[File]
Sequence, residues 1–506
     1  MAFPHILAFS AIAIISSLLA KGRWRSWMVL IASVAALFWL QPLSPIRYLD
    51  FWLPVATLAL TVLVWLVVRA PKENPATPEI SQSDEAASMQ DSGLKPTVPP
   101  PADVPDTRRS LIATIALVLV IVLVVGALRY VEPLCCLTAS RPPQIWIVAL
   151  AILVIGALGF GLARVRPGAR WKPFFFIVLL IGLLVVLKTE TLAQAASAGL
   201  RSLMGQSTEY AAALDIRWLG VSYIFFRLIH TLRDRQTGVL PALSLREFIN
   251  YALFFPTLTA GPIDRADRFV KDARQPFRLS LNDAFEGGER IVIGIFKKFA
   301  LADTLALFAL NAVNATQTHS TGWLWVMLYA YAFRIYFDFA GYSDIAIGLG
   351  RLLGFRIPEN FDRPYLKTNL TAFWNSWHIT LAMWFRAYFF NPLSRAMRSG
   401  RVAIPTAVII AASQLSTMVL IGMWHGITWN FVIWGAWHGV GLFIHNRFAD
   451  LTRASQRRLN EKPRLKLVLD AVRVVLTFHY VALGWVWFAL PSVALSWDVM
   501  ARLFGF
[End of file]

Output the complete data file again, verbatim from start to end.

Sequence, residues 1–506
     1  MAFPHILAFS AIAIISSLLA KGRWRSWMVL IASVAALFWL QPLSPIRYLD
    51  FWLPVATLAL TVLVWLVVRA PKENPATPEI SQSDEAASMQ DSGLKPTVPP
   101  PADVPDTRRS LIATIALVLV IVLVVGALRY VEPLCCLTAS RPPQIWIVAL
   151  AILVIGALGF GLARVRPGAR WKPFFFIVLL IGLLVVLKTE TLAQAASAGL
   201  RSLMGQSTEY AAALDIRWLG VSYIFFRLIH TLRDRQTGVL PALSLREFIN
   251  YALFFPTLTA GPIDRADRFV KDARQPFRLS LNDAFEGGER IVIGIFKKFA
   301  LADTLALFAL NAVNATQTHS TGWLWVMLYA YAFRIYFDFA GYSDIAIGLG
   351  RLLGFRIPEN FDRPYLKTNL TAFWNSWHIT LAMWFRAYFF NPLSRAMRSG
   401  RVAIPTAVII AASQLSTMVL IGMWHGITWN FVIWGAWHGV GLFIHNRFAD
   451  LTRASQRRLN EKPRLKLVLD AVRVVLTFHY VALGWVWFAL PSVALSWDVM
   501  ARLFGF